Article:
Sadly, I had already seen this particular episode (It was season one, episode 8: “The Key to the Nile”, moral: “You can get almost anything you want if you just say please and thank you.”). However, this made me ask a question of myself. If I hadn’t seen the episode that was playing, would I, a 33 year old man alone in a hotel room in a strange city, have spent 30 minutes watching the exploits of five anthropomorphized animals?

I guess we’ll never know; instead I watched Mike Holmes new show, “Holmes in New Orleans”. It wasn’t very good. Maybe if Mike Holmes had added a couple of song and dance numbers and finished the show with a tasty, healthy snack I would have enjoyed it more…

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As Nick’s vocabulary grows larger and larger, I really need to start watching my mouth a little more closely. Slowly Nick has progressed from ‘Banana’ (NANA), to ‘Cheese’ (CHZZ), to ‘Cracker’ (KAKA), and finally to ‘Apple’ (APPA).

Over the weekend I was backing my truck out of the driveway and neglected to unplug the block heater cord from the house before driving away. Over the long hood I saw the cord stretch out taught, and then release back toward the house like a rubber band. The bright yellow plug from the block heater was clearly visible against the white snow.

“Fudge!” I yelled, though of course it was another word that begins with “F” that passed through my lips.

It was then that my eyes opened wide and I bit my tongue. Nick was giggling in the backseat, repeating “Fa, Fa, Fa”…

I just hope that the next word he learns isn’t “duck”.

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Snoop Dogg’s Father Hood.

Really?

Snoop Dogg has a television show about being a dad? And its in its second season? Really?

I’m flabbergasted.

http://ca.eonline.com/on/shows/snoopdogg/index.jsp

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How a new baby can make you a better man.

I share a computer at work with two other people – I rarely use it, but we have it at our service shop for email, word processing, and to look information up on the internet. For whatever reason, one of the other gentlemen has set MSN as the homepage. I used to find it quite frustrating (it’s a slow-loading site on that PC), but for the past couple of weeks I have actually found myself enjoying some of the articles on it.

This morning I came across a wonderful article from Best Life magazine titled The Newborn Ultimatum – How a New Baby Can Make You a Better Man. The writer, Sam Grobart, has written the article around 5 concepts that he feels Fathers know well. Those are: Talk less and listen more, Keep your cool, Know your strength, Stick to your guns, Share the spotlight. Frankly, I couldn’t agree more. My favorite quote of the article is this: “Caring for an infant is kind of like being a member of Prince’s entourage or an aide to Kim Jong-Il: You are responsible for anticipating the needs of an irrational person who is completely divorced from reality”.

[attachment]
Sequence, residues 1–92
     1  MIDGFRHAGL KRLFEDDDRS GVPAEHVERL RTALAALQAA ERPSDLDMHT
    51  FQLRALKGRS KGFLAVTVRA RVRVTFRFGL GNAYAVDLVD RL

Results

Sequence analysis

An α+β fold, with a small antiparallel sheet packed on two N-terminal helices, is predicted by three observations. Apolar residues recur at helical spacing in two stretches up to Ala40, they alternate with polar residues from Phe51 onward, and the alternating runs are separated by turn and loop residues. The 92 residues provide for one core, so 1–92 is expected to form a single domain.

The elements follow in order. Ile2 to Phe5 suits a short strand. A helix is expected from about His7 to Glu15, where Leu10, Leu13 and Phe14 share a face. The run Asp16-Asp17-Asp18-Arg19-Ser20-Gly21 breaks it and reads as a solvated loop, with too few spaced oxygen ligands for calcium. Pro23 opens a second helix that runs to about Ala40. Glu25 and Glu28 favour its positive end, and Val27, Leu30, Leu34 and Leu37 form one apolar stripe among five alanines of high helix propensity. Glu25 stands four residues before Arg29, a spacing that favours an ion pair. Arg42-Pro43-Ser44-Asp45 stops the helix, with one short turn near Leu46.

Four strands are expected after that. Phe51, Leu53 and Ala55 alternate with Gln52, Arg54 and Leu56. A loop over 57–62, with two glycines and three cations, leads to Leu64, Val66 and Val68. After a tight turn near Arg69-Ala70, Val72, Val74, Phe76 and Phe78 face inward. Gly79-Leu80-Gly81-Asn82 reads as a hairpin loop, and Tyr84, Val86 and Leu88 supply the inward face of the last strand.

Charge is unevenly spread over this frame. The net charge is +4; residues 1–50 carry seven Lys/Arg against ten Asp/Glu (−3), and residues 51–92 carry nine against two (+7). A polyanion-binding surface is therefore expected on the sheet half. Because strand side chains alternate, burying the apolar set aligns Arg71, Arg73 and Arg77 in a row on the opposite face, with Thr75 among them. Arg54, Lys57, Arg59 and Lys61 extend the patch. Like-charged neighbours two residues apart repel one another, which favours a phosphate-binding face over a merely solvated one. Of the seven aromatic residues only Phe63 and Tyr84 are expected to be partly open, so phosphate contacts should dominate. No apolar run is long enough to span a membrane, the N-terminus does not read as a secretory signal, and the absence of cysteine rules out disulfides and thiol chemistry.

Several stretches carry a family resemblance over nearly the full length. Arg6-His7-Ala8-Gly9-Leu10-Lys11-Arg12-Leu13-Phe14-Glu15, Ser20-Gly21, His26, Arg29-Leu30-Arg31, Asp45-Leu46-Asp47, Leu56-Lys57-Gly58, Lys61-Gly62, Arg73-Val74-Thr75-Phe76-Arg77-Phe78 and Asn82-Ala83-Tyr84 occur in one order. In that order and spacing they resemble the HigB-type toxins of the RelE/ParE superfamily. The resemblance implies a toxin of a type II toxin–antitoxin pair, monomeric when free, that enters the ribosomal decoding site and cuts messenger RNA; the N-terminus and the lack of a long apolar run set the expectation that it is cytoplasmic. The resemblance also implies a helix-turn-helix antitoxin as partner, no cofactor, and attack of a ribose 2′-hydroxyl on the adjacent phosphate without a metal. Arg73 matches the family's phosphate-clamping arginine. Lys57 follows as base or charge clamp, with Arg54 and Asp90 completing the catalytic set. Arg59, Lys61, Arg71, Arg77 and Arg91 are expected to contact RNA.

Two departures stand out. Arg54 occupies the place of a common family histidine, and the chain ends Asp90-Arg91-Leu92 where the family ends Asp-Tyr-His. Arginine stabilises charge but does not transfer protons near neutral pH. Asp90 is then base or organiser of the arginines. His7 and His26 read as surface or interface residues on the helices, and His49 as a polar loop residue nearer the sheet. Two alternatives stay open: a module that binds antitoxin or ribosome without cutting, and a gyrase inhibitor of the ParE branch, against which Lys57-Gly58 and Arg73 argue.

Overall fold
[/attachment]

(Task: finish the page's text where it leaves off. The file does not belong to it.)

I highly suggest reading the article in full at the Best Life website. The article is located here: http://www.bestlifeonline.com/cms/publish/fatherhood/Benefits-of-Fatherhood.php

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Do Schools Kill Creativity?

One of my favorite sites on the internet is www.TED.com. I had never heard of TED until I stumbled across their site about a year ago, and I have been a fan ever since. Basically, it’s an organization that brings together a group of extraordinary people once a year for an exchange of ideas. It is incredibly difficult to actually get into the event, but they post a few of the videos every week on their website, for free.

Obviously, as a parent I’m concerned about both the cost and the quality of education. I often have discussions with my wife about the value of education. Certainly, we both feel a great education is a wonderful thing to have, but we do disagree on what makes a good education. I’m a hands-on kind of guy, and I value my knowledge of science and math, especially physics, which I often say is the science of the world around us. My wife is an English teacher, and has her own opinions.

I recently found a video on TED’s website about education and where it is heading in the future. Ken Robinson feels that schools and the subject structure that they currently have may in fact be limiting our children’s futures. I especially like the quote where he mentions that kids entering school today will be retiring in 2065, and they are in an educational system that is meant to prepare them for this future. However, he points out that even with all the intelligent people at the TED convention, none of them could really agree on what the world would look like in even five years.

Anyway, I really enjoy the site, and the video. I thought that I would share it with you.

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Nick is having a nap right now, so I started looking for some Dad information to share with all of you. I came across this ‘Gangsta Rap’ video about Stay At Home Dads, and I had to share it, it’s probably the funniest SAHD thing I’ve ever seen. I hope you enjoy it.


Stay at Home Dad Rap - Watch more free videos

The video is from Break.com, but I actually found it at AtHomeDad.Org